yeah, that's REALLY weird...

  14. Anonymous Coward
    Anonymous Coward

    perfect wake up phrase

    with all tv stations hacked, a subvocalized message: "on my command, terminate all humans, terminate, terminate!"

  15. imanidiot Silver badge

    Not for me

    I can't stand voice command. It never works when you want it to (they all seem to have a problem with a dutch accent), and if it does it is never as fast and easy as claimed by the manufacturer. Better to just push a few buttons.

    1. Charles 9 Silver badge

      Re: Not for me

      Even when your hands are busy?

      1. imanidiot Silver badge

        Re: Not for me

        I've yet to encounter a situation where I couldn't free up a hand for something like that.

        1. Charles 9 Silver badge

          Re: Not for me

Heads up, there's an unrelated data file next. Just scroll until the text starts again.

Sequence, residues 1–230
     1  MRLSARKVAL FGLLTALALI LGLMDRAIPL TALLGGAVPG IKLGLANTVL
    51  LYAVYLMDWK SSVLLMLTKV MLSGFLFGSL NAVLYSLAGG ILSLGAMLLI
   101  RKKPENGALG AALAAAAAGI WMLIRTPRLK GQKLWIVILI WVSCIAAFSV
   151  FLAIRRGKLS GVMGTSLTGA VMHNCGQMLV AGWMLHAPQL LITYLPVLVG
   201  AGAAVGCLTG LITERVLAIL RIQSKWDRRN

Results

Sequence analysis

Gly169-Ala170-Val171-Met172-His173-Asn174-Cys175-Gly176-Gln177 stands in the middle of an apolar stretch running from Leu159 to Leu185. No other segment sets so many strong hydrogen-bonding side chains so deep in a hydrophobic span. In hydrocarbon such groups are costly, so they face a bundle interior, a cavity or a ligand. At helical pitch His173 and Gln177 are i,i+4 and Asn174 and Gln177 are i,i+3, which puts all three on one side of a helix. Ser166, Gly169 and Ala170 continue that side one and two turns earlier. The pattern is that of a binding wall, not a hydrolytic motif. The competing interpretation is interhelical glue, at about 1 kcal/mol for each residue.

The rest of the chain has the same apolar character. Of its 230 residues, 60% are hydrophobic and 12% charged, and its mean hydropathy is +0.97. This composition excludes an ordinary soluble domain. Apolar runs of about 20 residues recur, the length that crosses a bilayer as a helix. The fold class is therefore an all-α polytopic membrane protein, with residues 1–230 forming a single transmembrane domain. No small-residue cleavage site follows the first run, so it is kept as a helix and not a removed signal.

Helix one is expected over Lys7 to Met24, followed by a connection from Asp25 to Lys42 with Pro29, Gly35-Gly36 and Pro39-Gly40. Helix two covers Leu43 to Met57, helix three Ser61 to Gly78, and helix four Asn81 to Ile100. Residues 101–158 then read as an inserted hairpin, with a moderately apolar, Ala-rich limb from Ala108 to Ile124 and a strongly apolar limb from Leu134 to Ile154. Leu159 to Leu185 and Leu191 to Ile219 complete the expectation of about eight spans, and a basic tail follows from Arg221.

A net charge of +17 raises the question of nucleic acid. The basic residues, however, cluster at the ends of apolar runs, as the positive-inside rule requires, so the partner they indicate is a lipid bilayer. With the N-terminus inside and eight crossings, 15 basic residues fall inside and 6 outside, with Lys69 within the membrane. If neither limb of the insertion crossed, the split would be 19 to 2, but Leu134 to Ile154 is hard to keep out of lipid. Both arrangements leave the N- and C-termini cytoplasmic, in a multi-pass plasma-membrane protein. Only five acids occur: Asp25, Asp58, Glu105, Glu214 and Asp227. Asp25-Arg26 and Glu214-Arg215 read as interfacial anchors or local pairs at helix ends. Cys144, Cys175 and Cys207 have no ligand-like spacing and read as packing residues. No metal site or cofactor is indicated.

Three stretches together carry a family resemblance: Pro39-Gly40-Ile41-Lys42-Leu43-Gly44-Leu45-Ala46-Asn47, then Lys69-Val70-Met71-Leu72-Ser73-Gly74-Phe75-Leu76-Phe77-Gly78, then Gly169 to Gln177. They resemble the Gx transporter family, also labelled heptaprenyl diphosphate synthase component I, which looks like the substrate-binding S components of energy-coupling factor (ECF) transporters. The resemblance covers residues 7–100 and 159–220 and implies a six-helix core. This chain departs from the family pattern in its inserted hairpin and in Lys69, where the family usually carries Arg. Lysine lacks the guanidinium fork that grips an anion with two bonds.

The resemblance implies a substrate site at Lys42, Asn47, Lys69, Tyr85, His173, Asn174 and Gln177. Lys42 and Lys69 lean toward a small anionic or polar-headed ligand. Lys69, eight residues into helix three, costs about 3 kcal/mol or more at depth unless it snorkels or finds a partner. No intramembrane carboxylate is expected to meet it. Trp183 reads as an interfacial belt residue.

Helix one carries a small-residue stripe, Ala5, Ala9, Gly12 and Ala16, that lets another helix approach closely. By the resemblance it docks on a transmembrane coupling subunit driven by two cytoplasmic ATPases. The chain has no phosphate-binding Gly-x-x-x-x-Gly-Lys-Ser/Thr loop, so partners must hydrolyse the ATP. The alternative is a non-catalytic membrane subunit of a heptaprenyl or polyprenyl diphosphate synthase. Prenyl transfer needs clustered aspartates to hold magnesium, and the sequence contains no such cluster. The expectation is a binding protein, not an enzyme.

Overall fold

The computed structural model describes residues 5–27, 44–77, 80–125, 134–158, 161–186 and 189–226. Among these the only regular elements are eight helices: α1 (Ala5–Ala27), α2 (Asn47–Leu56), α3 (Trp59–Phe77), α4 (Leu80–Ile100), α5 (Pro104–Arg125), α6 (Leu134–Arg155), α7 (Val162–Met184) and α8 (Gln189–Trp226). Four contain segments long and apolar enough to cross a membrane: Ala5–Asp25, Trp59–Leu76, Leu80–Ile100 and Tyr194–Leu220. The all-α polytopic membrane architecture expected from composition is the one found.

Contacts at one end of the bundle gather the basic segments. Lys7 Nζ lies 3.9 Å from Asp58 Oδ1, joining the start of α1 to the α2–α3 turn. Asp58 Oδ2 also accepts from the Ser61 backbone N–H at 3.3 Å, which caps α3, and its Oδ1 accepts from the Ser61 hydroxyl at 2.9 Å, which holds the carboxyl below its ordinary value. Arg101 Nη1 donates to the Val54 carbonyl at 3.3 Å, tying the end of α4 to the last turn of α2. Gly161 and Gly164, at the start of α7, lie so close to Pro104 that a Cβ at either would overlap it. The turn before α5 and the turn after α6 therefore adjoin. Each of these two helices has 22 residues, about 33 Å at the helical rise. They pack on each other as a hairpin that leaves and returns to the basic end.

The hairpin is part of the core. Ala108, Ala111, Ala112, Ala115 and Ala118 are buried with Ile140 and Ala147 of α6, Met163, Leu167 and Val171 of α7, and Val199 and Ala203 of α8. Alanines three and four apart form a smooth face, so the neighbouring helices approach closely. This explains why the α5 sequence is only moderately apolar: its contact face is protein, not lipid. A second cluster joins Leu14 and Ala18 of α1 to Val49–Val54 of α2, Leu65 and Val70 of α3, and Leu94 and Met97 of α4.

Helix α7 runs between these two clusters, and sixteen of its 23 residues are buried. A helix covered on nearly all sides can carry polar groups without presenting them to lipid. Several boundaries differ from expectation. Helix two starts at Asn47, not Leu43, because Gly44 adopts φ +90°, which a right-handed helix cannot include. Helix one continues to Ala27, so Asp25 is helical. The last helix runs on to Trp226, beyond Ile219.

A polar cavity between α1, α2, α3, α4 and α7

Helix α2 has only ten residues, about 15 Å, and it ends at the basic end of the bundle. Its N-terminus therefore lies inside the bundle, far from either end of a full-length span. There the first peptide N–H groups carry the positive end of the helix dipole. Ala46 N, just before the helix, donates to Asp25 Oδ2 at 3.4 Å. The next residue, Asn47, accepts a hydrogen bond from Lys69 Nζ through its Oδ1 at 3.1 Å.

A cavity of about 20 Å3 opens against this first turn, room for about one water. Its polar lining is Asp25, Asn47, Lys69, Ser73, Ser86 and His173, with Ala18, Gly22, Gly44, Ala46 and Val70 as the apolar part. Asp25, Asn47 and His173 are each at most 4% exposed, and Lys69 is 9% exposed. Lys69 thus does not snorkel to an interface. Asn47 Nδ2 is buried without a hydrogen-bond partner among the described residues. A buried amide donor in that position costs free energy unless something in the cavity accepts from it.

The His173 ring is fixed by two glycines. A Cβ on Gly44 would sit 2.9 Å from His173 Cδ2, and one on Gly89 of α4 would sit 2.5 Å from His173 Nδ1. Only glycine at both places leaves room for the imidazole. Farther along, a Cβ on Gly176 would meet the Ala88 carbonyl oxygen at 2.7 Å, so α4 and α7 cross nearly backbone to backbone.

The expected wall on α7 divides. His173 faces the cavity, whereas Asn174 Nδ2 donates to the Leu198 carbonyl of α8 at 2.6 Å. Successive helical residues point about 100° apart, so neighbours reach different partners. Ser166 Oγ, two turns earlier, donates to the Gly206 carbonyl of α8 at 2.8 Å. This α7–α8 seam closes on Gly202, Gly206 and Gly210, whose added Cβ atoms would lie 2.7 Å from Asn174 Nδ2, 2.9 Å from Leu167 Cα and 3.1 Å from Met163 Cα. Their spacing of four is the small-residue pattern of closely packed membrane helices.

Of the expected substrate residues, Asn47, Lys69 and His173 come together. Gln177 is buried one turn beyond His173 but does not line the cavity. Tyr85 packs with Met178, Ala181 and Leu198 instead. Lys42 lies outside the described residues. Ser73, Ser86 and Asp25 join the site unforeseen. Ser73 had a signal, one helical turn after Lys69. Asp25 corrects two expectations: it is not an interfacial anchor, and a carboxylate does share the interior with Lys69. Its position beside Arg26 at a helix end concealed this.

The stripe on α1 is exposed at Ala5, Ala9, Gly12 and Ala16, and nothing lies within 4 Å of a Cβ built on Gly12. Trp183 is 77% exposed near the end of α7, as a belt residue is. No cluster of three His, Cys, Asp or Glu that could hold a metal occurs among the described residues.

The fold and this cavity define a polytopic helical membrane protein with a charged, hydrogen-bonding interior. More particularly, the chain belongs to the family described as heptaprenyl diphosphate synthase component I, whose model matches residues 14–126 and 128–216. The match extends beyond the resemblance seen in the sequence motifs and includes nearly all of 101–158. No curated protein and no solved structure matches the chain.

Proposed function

How about driving while negotiating traffic, meaning you need both hands to steer properly?

          1. imanidiot Silver badge

            Re: Not for me

            Why the *expletive* are you paying attention to ANYTHING other than driving in a situation like that? Pull the hell over and do it safely if it's that busy! If I need my phone for navigation its in a handily accesible cradle in the lower left corner (left hand drive car) of the winscreen. I can then reach it easily and handily with my left hand and operate it whenever I get around to it. If I don't need it for navigation during the drive it is stored out of the way and left there.

            1. Charles 9 Silver badge

              Re: Not for me

              If you're in traffic there's no way to pull over because you're surrounded by other cars. And as for putting it on the windshield, traffic codes where I live forbid anything obstructing the windshield (including dangling air fresheners) apart from those built into the car (like the mirror), so that means the device must go under the dash. It can't block the speedometer because that's against the traffic code, too, so that basically puts it either in a console mount or on the passenger seat: both too tricky to reach when your eyes are on the road. BTW, it's right-hand traffic where I live, so my dominant hand is at the center, not at the window.